Policy Memos

Will Russia Go for a Military Victory in Chechnya?

Policy Memo:


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Six full weeks after the December 1999 parliamentary elections, Russian troops managed to raise their flags over the familiar ruins of the presidential palace in Grozny. Victory has been proclaimed yet again, but the discrepancy between the slow-moving and highly uncertain military operation and the fast-rolling and "satisfaction guaranteed" political campaigning has also become apparent. During autumn, politics and war had worked in perfect sync, making war-fighting a highly efficient election tool. By late December, however, the contours of an undesirable and unavoidable military deadlock had appeared, and Kremlin policymakers figured out that from then on, time would be working against them. Hence the surprise resignation of President Yeltsin, which not only provided Prime Minister Putin the advantageous position of acting president, but also set a new, shorter timeframe. However, even three months is a long time in politics, particularly with a military disaster in the making on your hands. The "election war" worked just fine for one election campaign, but has become a massive liability for the second one. Putin, who can hardly fool anybody (himself included) with victorious statements, now has more to do than just damage limitation. In order to evaluate his options, we need to take a closer look at the conduct and style of the second Chechen war on its many levels. [...]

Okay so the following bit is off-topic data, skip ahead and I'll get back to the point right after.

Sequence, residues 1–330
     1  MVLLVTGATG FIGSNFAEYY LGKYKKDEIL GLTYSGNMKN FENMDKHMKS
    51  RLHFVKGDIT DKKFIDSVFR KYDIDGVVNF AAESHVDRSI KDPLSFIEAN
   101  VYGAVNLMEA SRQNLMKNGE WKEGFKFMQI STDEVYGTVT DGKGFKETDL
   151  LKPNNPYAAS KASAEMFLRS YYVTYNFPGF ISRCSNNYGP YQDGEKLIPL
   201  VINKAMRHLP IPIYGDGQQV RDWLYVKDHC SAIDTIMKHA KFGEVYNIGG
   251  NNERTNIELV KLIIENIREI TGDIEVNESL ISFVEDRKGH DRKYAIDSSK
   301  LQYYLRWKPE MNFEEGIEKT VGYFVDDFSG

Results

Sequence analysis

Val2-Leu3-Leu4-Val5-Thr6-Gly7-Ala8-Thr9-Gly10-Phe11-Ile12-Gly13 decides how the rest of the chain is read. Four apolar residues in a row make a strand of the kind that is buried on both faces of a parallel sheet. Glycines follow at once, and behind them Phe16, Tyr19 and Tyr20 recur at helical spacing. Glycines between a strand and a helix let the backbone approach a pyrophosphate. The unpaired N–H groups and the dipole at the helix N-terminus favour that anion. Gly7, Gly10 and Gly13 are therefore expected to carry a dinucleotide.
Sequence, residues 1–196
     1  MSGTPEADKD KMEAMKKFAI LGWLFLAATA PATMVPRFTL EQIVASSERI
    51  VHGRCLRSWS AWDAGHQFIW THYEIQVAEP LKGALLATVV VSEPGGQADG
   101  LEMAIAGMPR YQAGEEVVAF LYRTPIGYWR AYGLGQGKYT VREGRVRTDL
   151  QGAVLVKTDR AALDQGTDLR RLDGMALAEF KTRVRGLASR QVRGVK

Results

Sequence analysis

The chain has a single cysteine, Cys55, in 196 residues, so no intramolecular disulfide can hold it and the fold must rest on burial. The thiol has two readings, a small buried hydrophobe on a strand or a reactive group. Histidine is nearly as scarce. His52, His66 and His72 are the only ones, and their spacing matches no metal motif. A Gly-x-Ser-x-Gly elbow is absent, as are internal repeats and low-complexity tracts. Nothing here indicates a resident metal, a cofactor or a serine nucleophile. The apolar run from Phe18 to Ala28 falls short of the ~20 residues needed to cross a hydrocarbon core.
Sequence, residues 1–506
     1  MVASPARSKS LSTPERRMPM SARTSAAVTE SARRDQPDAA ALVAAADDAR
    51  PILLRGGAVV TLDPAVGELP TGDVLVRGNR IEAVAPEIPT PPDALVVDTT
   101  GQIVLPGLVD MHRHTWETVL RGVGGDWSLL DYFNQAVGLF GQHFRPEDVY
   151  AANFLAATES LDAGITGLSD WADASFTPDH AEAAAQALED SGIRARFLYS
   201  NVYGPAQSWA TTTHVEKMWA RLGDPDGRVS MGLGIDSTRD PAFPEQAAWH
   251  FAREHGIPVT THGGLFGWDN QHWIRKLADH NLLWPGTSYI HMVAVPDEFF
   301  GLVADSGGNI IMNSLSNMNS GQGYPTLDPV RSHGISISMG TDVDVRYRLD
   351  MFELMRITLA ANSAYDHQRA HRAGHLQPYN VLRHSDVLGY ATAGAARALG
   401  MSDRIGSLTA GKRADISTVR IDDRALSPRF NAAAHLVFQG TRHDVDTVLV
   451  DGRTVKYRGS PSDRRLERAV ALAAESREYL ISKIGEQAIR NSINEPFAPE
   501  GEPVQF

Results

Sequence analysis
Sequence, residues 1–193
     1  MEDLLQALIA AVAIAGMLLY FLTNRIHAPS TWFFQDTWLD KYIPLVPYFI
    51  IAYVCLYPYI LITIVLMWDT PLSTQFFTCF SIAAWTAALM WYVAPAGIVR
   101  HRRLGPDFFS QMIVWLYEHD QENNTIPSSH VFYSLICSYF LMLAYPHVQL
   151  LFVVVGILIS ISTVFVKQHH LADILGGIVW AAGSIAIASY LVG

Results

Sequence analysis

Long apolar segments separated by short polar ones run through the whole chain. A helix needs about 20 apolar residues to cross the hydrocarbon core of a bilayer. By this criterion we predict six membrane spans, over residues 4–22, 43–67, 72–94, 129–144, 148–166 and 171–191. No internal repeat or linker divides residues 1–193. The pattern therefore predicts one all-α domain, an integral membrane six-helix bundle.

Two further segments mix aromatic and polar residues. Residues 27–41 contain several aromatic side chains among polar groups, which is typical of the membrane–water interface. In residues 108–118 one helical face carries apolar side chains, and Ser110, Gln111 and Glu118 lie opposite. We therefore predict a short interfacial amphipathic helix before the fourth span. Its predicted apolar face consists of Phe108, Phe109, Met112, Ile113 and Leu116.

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About the author

Research Professor
Peace Research Institute Oslo (PRIO)